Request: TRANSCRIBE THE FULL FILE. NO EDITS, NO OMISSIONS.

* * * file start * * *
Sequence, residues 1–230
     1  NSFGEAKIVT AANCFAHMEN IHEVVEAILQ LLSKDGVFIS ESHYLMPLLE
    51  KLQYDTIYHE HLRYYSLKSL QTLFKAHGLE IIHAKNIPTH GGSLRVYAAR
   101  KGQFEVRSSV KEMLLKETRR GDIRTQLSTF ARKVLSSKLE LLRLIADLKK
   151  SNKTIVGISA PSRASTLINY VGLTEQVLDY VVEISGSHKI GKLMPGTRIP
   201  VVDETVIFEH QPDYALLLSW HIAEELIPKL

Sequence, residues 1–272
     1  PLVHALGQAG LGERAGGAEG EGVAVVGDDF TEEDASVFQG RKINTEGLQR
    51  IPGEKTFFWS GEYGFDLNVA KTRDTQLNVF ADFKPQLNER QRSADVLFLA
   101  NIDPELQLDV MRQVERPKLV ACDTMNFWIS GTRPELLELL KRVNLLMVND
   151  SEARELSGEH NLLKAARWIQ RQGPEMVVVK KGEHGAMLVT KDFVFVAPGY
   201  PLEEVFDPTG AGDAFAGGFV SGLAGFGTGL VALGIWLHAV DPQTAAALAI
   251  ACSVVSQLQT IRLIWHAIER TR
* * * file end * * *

Sequence, residues 1–230
     1  NSFGEAKIVT AANCFAHMEN IHEVVEAILQ LLSKDGVFIS ESHYLMPLLE
    51  KLQYDTIYHE HLRYYSLKSL QTLFKAHGLE IIHAKNIPTH GGSLRVYAAR
   101  KGQFEVRSSV KEMLLKETRR GDIRTQLSTF ARKVLSSKLE LLRLIADLKK
   151  SNKTIVGISA PSRASTLINY VGLTEQVLDY VVEISGSHKI GKLMPGTRIP
   201  VVDETVIFEH QPDYALLLSW HIAEELIPKL

Sequence, residues 1–272
     1  PLVHALGQAG LGERAGGAEG EGVAVVGDDF TEEDASVFQG RKINTEGLQR
    51  IPGEKTFFWS GEYGFDLNVA KTRDTQLNVF ADFKPQLNER QRSADVLFLA
   101  NIDPELQLDV MRQVERPKLV ACDTMNFWIS GTRPELLELL KRVNLLMVND
   151  SEARELSGEH NLLKAARWIQ RQGPEMVVVK KGEHGAMLVT KDFVFVAPGY
   201  PLEEVFDPTG AGDAFAGGFV SGLAGFGTGL VALGIWLHAV DPQTAAALAI
   251  ACSVVSQLQT IRLIWHAIER TR